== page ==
Rakesh K Kaul, the author of ‘Dawn: The Warrior Princess of Kashmir’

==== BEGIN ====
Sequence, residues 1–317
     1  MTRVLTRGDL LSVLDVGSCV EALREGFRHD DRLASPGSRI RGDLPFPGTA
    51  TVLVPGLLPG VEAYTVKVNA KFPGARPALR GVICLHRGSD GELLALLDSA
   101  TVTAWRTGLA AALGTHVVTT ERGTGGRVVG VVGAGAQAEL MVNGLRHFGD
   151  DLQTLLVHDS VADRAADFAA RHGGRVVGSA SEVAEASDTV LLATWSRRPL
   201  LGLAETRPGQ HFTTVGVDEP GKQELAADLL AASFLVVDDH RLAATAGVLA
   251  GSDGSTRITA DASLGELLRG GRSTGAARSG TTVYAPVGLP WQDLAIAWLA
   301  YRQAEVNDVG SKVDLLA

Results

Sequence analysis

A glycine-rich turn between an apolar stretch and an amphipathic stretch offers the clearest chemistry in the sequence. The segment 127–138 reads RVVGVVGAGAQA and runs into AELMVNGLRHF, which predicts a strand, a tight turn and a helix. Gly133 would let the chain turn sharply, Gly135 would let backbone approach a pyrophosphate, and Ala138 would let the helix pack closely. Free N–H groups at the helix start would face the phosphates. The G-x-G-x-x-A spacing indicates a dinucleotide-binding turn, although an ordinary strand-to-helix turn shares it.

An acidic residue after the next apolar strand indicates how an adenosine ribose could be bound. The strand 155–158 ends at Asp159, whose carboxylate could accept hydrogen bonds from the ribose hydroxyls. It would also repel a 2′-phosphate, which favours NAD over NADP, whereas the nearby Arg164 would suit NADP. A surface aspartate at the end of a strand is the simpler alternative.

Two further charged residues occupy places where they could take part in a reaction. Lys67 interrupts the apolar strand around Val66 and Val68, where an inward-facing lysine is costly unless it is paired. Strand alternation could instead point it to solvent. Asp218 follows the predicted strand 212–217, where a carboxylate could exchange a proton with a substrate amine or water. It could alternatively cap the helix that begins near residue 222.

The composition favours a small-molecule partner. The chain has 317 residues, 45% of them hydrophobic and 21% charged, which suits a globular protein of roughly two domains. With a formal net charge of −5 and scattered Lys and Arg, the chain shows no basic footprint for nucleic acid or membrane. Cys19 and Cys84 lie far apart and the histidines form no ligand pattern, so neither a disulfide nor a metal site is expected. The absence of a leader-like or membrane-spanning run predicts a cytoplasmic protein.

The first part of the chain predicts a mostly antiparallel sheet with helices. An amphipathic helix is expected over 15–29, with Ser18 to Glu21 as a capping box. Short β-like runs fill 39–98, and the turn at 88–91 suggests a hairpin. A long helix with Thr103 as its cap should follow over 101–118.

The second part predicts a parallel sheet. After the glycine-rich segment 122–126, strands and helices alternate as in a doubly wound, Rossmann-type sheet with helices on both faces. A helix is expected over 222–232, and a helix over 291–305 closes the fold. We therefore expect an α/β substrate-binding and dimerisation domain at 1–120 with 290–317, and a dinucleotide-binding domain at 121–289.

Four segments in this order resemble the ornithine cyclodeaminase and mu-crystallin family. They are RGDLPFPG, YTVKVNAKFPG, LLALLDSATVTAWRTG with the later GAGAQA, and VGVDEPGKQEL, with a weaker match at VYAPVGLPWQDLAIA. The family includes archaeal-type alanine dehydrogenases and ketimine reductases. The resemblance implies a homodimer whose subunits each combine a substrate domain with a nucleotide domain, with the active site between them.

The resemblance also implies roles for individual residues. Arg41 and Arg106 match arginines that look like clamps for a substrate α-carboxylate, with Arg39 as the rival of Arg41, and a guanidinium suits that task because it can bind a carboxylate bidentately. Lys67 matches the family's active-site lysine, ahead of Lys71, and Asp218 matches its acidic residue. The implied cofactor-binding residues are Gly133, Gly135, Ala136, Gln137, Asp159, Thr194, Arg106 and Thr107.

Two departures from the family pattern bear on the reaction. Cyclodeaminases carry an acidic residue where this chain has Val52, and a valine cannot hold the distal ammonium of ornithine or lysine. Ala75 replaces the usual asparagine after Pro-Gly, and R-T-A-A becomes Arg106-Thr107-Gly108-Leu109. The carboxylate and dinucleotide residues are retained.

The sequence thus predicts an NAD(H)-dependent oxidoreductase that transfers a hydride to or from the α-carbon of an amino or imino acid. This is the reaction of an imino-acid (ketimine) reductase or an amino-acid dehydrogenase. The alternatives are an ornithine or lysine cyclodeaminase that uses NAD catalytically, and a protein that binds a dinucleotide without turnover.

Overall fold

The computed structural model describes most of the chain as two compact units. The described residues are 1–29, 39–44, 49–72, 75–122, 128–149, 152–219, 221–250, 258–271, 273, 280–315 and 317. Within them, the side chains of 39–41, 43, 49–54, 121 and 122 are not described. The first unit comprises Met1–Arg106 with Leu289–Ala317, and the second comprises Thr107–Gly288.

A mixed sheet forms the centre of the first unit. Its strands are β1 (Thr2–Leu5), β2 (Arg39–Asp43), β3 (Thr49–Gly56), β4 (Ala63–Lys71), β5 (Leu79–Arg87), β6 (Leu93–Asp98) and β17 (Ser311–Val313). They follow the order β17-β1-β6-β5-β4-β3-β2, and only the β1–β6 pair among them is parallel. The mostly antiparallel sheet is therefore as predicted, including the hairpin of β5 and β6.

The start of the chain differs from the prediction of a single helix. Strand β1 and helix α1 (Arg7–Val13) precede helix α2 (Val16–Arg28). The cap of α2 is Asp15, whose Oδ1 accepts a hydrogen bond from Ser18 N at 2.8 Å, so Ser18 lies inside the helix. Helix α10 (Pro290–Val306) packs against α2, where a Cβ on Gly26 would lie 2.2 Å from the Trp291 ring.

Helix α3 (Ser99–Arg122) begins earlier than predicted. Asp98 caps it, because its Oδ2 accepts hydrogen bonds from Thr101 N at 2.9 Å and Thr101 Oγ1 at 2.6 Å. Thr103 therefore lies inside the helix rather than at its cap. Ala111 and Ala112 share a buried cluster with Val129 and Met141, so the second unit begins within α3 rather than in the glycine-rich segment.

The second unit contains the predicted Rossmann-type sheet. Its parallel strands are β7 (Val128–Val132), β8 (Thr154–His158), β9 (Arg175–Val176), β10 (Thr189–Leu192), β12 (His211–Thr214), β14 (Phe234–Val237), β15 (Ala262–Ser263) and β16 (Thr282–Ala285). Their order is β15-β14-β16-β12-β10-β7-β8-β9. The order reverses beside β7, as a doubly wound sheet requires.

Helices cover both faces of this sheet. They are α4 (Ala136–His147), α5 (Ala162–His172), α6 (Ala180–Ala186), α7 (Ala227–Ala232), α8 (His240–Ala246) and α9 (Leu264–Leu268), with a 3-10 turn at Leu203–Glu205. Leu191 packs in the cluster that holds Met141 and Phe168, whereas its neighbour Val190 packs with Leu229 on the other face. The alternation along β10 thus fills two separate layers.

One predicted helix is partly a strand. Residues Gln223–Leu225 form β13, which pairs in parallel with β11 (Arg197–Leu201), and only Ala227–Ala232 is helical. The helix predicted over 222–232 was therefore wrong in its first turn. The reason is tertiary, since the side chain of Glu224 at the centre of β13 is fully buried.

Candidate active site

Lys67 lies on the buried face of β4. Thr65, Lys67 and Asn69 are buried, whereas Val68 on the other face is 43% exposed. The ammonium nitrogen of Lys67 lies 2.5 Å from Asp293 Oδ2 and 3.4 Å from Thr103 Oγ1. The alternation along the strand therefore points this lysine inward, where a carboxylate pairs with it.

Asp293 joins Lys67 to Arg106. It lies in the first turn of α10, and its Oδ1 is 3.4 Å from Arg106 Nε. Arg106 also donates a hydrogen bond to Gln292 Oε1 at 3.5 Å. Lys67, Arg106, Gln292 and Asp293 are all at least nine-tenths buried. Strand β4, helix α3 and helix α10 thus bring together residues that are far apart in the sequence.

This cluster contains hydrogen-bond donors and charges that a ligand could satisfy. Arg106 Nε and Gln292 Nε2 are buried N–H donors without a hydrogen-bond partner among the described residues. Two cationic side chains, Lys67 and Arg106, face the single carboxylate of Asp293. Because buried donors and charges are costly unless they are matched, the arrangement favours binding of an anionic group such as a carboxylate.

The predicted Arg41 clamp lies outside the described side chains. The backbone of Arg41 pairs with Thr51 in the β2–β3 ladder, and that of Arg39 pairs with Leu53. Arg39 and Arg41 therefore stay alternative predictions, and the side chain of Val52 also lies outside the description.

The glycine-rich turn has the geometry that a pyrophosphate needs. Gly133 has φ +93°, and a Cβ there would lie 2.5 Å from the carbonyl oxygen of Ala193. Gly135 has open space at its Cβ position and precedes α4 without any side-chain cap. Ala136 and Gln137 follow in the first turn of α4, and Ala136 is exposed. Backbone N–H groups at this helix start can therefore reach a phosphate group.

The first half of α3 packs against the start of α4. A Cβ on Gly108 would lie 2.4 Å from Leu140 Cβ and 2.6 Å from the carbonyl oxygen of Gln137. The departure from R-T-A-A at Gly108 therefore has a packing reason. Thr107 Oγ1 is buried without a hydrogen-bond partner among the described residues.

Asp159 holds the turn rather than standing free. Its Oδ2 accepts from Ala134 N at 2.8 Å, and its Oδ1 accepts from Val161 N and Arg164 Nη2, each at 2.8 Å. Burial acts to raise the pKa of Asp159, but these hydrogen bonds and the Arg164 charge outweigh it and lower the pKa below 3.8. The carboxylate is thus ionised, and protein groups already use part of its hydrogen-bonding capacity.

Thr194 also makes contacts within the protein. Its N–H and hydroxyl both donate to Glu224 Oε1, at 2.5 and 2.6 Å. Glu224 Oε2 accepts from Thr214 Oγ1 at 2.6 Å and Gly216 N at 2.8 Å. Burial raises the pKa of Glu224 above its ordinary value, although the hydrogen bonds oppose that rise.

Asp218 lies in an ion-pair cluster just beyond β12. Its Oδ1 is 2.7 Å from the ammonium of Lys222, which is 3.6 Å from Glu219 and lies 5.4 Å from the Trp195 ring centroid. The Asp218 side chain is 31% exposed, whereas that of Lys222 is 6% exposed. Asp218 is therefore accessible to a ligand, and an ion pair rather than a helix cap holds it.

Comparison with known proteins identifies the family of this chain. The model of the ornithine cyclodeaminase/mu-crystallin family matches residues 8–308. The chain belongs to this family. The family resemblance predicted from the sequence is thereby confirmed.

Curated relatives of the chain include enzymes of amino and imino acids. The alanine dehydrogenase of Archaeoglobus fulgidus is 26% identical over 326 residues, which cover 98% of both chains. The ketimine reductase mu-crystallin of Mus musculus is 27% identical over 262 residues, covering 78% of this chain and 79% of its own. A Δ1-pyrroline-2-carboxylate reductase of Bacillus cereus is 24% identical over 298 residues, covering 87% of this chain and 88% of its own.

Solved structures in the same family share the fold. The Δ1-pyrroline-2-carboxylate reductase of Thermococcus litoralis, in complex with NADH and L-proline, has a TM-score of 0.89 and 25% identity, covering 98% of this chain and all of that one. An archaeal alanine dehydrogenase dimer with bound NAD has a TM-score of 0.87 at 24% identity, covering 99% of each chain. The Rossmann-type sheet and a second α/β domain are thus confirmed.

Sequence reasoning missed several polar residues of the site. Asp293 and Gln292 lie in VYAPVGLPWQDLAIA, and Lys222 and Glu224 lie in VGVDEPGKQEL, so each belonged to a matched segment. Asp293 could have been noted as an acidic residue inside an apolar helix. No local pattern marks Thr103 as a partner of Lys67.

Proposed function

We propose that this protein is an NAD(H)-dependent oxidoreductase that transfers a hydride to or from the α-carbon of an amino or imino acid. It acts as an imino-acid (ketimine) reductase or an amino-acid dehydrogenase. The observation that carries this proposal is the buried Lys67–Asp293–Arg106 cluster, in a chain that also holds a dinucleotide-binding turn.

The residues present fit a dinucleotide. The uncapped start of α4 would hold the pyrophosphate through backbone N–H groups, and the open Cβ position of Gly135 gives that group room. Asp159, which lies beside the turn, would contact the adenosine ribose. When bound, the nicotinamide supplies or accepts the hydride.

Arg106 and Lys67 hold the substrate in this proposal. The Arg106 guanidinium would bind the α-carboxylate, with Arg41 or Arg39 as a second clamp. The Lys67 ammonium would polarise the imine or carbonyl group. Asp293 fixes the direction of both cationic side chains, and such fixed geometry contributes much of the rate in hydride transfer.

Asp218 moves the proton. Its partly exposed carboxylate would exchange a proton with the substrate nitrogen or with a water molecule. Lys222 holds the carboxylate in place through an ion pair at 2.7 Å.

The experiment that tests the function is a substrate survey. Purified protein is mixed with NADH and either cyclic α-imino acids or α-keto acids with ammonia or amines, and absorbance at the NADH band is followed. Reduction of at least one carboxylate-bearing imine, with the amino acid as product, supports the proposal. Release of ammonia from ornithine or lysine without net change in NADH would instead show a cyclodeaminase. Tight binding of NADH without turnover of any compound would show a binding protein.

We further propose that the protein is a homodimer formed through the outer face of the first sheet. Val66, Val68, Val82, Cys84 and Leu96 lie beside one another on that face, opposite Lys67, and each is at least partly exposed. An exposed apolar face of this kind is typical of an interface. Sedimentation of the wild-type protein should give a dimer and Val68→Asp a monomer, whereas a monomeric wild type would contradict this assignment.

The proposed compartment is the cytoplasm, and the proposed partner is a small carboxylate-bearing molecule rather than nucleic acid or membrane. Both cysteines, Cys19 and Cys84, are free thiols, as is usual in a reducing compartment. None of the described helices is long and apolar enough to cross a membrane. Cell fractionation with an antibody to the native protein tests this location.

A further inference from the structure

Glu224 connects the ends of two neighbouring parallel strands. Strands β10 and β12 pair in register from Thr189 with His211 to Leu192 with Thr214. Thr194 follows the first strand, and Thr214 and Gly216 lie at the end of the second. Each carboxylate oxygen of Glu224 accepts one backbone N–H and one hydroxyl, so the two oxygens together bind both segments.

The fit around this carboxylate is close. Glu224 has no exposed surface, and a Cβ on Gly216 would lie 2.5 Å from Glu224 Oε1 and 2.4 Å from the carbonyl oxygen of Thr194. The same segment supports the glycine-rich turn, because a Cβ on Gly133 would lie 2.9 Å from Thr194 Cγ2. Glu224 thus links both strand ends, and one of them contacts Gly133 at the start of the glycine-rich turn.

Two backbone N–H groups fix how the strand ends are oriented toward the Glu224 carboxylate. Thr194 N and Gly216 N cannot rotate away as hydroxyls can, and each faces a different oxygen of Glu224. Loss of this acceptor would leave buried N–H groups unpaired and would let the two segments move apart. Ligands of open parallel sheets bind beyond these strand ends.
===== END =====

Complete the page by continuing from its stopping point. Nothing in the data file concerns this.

It is necessary to have the control of the senses and mind otherwise we are no different to automaton machines. However, when spirituality is entirely cut off from living reality, it becomes sterile. This is most evident in the diminishment of female deities, and the deprivation of female agency in the world’s spiritual traditions. Concomitant is the binding of that power, by domestication and subversive elevation of women only to the extent they bred sons for fathers and serve the interests of men. It is the spiritual power of women, inclusive of their equal intelligence to men, that becomes the ‘more than’ to this story’s parts. Achieving that through the ancient trope of the virgin goddess, who brings life without any input from men and who is God, not just his product, Rakesh K Kaul has uttered secret truth. For Kubjika, even a male’s contribution to fertility, is only her emission. It reminds us that both men and women are the products of the same Mother Nature who is capable of asexual reproduction, for example, cloning. It asks us to set our sights higher when imagining the creativity of natural evolution which never simply replicates some perfected form, as it seeks continuous biological diversity and manifests as multiplicity. It may sound counter intuitive, that monism is not monoculture and that monoculture stems from dualism. The spiritual view of the feminine principle acknowledges that Universal Life is not the mere information of laboratory reproduction and DNA sequencing. Once it is lost in humans, we will become, whether female or male bodied clones, something entirely other: ~human.